You know, if you're going to miss the green, you need to plan a side you're going to miss it on. Kind of break the greens down in quadrants and kind of stick to the game plan, not think about the situation, not think about, you know, the pin is back right and if I hit it front of the green. You know, you have to really kind of just think your way around the golf course. That's what the U.S. Open golf is all about. And yes, the greens are difficult.

Q. I think yesterday this played at the full 6740, but it's not going to be that all week. How do you prepare not only for a U.S. Open golf course but a U.S. Open setup that is going to change day to day that you won't know about until the morning of?
CRISTIE KERR: Well, you kind of know the USGA is going to mix it up a little bit, so my caddy and I, even if we're practicing, you know, we're practicing for three days straight, so we'll practice from pretty much every tee we think they'll put us on, especially in some instances where there may be drivable par-4s, just so we're not surprised when anything comes up and we can have our strategy and kind of stick to the game plan.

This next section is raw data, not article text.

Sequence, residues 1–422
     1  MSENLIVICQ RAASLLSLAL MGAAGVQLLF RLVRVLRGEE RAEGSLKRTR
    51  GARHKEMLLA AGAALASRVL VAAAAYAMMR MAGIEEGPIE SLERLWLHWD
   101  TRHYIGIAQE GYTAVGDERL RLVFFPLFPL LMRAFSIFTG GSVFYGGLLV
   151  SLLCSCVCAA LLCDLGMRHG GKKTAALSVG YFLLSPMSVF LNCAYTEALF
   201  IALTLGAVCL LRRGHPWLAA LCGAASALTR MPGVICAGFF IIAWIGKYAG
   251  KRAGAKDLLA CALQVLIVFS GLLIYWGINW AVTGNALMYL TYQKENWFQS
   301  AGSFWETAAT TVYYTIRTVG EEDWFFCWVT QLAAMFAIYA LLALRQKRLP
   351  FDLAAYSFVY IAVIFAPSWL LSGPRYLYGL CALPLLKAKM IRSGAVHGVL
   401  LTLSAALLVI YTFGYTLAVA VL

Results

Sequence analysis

Was there a second part to the question? I didn't hear that.

Q. Yeah, the movable tees, the idea of drivable par-4s and not only that, but some of the par-3s may be moved around as well. Have you seen all those boxes?
CRISTIE KERR: I think that's what the USGA does really well for us. They give us variety in the course setup. It changes the course every single day.
I think that's a testament to, you know, to this Open tournament and how they set up the course.

Q. Can you just kind of speak to the state of your game now compared to two years ago when you won this event? How do you feel you're a better player?
CRISTIE KERR: You know, I feel like I have a lot more control over my golf ball.
You know, two years ago, I was on the tail end of getting out of a change in my swing that had crept back in there from a couple years previous, and, you know, in the final round, in the '07 Open, I didn't start hitting it good until the 13th hole when I figured out just a way to get it done.
I feel like I'm in a lot more control over my golf ball now and kind of where my misses are. And I've got a great caddy now, so I feel like I'm a lot more consistent from week to week.
My bad weeks have been 15th, 20th. My good weeks are almost winning to winning. So I think, you know, that, it helps to build off of that every week.

Q. Can you just talk about what it is about this tournament that seems to be well for you? You played this tournament well, you actually won a couple years ago, obviously. What is it about this tournament that seems to suit your game so well?
CRISTIE KERR: I don't know. It just makes the butterflies in my stomach go. I just love it.
It's always the toughest course, toughest course setup, variety of setup, the field, the prestige, biggest purse. I mean, it's the -- the jewel in the crown of what you want to win as a professional.